OCCIDENTAL, Bodega, Sonoma Coast

Steve Kistler, founder of the iconic Kistler Vineyards, has started a new project on the Sonoma Coast, and it’s getting rave reviews.  With the 2011 vintage, Kistler Vineyard’s top Pinot Noirs — Cuvée Catherine and Cuvée Elizabeth — became Occidental wines.  For the 2013 vintage, Steve built a new winery next to the Bodega Headlands Vineyard, amidst 40+ acres of vines overlooking the Pacific Ocean.

Having retired as CEO and Winemaker at Kistler Vineyards at the end of 2017, Steve now devotes his efforts to this family ‘legacy’ project.  You guessed it, Steve’s daughters are Catherine and Elizabeth (Lizzie), and both of them are involved in Occidental. 

Occidental is exclusively a Pinot Noir winery, with 4 Sonoma Coast vineyards — SWK, Bodega Headlands, Bodega Ridge and Occidental Station.  These vineyards are planted to a selection of proprietary clones of Pinot Noir, developed by Steve Kistler over 20+ years, and derived from Vosne Romanée Grand Cru vineyards.  Annual production for the first years will be about 6,000 cases.  In time, as vineyards are expanded, and a multitude of individual blocks are identified, the number of separate bottlings will increase to reflect the diversity and character of the sites.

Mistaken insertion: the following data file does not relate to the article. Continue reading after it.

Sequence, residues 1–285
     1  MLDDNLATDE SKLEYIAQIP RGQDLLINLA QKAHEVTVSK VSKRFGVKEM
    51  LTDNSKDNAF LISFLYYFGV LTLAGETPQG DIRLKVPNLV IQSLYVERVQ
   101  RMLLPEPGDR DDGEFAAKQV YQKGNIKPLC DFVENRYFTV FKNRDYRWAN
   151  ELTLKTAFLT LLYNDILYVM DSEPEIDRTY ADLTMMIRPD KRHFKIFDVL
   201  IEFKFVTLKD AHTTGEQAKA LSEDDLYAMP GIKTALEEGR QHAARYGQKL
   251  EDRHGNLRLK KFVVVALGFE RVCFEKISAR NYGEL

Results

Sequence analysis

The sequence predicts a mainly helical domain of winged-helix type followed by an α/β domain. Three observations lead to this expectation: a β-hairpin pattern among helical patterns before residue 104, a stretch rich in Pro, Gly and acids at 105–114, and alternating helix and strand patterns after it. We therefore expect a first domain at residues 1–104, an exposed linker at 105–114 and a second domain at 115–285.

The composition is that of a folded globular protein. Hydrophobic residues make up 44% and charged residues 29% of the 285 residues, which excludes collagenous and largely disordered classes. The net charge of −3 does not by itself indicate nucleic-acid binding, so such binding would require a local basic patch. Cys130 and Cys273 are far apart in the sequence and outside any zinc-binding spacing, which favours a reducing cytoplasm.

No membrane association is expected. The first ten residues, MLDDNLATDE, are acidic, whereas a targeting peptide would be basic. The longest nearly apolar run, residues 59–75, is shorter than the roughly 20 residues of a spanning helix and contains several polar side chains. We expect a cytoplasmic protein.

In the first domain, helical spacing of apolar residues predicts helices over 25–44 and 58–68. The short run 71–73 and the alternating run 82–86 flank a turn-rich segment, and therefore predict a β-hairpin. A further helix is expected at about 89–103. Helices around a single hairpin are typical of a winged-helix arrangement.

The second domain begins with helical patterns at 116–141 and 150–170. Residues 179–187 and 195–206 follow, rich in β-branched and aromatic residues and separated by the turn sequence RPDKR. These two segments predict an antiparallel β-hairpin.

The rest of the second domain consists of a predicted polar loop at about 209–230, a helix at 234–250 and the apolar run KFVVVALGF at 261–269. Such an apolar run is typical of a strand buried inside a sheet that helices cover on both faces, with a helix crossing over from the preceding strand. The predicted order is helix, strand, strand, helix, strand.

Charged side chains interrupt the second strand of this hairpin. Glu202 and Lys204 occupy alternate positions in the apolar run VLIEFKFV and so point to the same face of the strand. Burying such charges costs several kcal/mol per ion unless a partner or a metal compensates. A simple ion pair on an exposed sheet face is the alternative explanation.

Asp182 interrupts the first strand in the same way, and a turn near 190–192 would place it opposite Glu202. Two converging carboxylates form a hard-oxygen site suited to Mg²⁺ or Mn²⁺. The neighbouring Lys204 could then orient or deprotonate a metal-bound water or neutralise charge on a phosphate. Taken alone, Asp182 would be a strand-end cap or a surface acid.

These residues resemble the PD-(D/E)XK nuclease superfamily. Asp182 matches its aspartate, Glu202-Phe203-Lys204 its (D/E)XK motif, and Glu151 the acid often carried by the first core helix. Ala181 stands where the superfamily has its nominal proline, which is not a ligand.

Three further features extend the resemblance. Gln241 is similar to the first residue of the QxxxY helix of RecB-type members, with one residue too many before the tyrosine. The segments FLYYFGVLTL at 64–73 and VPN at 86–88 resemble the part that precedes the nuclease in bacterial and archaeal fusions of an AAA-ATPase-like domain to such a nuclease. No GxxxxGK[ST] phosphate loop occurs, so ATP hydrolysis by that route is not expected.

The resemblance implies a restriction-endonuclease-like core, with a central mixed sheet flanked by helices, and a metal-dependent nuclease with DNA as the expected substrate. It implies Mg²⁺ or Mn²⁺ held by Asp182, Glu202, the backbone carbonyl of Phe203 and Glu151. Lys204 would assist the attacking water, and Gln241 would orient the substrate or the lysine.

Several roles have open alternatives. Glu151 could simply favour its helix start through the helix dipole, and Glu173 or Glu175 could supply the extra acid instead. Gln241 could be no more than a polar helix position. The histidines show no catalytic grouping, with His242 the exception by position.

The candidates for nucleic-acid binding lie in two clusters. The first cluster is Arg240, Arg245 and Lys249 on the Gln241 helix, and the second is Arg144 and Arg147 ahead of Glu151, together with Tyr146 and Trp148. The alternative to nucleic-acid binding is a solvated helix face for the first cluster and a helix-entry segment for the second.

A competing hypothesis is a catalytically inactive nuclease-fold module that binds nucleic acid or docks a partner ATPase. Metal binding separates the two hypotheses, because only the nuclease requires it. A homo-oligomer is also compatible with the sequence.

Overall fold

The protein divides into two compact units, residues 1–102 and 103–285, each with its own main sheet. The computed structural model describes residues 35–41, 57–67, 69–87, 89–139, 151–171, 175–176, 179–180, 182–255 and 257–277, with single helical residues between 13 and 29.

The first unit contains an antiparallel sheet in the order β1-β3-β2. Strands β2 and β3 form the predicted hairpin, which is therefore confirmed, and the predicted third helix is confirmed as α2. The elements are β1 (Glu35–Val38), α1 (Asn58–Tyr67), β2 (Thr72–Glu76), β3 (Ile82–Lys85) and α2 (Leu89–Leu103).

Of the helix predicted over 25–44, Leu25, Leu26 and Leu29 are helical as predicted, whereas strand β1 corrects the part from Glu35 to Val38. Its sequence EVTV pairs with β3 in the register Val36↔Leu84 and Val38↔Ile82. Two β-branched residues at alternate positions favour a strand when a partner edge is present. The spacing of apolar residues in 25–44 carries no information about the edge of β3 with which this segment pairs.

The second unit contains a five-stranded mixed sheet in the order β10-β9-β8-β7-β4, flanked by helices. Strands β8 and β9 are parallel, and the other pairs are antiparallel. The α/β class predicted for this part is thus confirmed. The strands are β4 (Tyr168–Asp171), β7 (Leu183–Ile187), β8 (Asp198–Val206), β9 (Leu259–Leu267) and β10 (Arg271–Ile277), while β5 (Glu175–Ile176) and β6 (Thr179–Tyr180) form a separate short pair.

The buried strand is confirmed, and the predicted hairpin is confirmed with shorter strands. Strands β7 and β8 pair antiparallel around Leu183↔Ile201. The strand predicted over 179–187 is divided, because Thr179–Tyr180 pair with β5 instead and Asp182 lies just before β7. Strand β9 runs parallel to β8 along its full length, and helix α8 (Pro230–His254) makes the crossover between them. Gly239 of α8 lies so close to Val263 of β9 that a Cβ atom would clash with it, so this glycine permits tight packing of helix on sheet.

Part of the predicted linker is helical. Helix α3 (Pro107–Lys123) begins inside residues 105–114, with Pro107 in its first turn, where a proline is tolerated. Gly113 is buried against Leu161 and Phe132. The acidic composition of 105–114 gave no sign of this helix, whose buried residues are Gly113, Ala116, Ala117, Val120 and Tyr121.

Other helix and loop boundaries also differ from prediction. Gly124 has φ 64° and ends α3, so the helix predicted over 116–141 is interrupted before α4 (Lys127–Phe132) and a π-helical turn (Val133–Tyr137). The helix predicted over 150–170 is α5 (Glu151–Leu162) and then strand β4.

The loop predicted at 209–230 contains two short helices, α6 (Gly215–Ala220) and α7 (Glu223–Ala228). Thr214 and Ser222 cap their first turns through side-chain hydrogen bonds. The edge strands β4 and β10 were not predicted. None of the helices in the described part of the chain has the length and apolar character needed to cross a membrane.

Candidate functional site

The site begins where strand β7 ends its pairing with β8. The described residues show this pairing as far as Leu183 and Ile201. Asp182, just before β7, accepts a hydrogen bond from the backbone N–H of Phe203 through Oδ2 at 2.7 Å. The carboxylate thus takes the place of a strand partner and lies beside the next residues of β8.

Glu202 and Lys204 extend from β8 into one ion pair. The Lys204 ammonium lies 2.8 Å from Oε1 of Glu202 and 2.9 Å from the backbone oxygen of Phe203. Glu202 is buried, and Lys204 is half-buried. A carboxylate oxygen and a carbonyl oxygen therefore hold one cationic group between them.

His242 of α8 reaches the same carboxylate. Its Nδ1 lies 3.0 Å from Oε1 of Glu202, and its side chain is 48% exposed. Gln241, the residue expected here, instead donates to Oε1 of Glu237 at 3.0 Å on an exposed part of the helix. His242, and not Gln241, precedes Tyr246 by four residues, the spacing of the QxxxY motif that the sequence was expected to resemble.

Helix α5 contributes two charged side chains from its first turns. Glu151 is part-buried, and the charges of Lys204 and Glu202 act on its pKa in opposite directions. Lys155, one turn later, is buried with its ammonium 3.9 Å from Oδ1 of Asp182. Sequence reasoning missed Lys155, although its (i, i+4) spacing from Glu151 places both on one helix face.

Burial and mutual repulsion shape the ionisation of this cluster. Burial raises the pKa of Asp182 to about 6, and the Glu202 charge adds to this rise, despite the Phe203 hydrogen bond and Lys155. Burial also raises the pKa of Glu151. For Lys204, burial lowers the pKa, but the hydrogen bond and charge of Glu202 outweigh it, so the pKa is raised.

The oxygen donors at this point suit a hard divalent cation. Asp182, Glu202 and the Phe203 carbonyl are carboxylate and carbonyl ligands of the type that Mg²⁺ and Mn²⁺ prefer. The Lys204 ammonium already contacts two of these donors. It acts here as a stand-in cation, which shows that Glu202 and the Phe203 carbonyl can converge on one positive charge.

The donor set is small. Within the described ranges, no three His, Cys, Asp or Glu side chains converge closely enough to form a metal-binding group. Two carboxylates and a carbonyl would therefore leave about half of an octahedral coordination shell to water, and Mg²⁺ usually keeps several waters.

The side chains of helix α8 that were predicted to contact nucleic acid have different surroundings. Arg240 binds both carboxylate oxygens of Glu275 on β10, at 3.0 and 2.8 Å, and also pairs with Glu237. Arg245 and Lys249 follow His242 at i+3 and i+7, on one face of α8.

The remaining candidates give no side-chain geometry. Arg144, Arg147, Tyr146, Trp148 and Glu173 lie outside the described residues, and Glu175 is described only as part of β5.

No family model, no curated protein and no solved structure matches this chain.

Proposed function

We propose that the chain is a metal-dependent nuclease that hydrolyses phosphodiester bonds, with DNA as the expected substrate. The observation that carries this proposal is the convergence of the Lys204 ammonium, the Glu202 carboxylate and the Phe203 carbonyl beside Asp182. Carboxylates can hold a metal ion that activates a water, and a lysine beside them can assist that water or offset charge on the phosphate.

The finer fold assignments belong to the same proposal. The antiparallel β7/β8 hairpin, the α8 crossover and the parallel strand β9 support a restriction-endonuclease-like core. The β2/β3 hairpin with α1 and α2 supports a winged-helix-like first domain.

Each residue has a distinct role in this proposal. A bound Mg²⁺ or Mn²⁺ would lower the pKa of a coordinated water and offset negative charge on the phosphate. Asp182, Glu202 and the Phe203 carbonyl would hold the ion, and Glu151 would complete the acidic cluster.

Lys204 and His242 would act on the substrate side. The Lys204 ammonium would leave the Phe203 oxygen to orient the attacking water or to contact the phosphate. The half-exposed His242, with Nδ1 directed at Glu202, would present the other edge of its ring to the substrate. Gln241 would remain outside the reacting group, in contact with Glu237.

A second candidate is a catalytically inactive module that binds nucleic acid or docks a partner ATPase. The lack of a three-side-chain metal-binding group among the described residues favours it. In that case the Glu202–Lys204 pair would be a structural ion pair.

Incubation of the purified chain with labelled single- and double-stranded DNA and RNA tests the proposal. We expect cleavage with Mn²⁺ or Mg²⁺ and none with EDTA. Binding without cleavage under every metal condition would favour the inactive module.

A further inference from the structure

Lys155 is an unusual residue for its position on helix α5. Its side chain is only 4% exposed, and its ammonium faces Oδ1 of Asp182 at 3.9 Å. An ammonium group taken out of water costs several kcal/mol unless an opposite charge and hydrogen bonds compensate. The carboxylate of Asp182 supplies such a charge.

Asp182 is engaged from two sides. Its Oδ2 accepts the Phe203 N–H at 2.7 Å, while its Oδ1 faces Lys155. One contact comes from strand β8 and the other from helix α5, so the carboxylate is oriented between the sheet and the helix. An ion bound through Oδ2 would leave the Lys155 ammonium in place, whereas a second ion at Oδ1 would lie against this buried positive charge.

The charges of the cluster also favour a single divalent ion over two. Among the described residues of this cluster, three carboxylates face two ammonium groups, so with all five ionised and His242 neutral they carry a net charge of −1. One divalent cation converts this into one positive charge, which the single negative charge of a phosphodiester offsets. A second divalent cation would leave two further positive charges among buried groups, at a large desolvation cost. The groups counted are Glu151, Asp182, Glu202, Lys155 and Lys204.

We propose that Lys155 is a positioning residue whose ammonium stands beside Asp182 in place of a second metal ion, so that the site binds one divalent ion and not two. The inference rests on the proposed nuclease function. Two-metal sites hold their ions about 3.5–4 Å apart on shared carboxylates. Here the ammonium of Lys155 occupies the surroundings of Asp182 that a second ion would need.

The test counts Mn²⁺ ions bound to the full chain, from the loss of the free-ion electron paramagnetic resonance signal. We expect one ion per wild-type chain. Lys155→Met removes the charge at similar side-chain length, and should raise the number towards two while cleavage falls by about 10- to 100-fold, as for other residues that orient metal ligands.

‘The Occidental wines are produced from vineyards on a southwest-facing ridge overlooking the Pacific Ocean, just outside the town of Bodega. This ridge and the surrounding headlands mark the western edge of the Freestone-Occidental area and are among the coldest and latest ripening sites where pinot noir is grown in western Sonoma.  The Occidental pinot noirs are crystalline wines with vivid aromatics and intense red fruit flavors. They have a wonderfully chiseled quality, layered with savory and mineral character.  The beauty of these maritime sites and the challenging conditions these vineyards face – all of this is reflected in the Occidental wines.’ – Steve Kistler

'While a lot of noise is made about getting lower sugars in California, and that alcohols have gotten too high, this particular site appears to provide full phenolic ripeness at a much lower sugar level.  Moreover, if the crop yields are kept low, excellent intensity and richness are also present.  So perhaps in selected microclimates, California is capable of making very concentrated, ageworthy wines with alcohols in the 12.5-13.5% range.  Although those terroirs and sites are few and far between, this would appear to be one of them.' — Robert Parker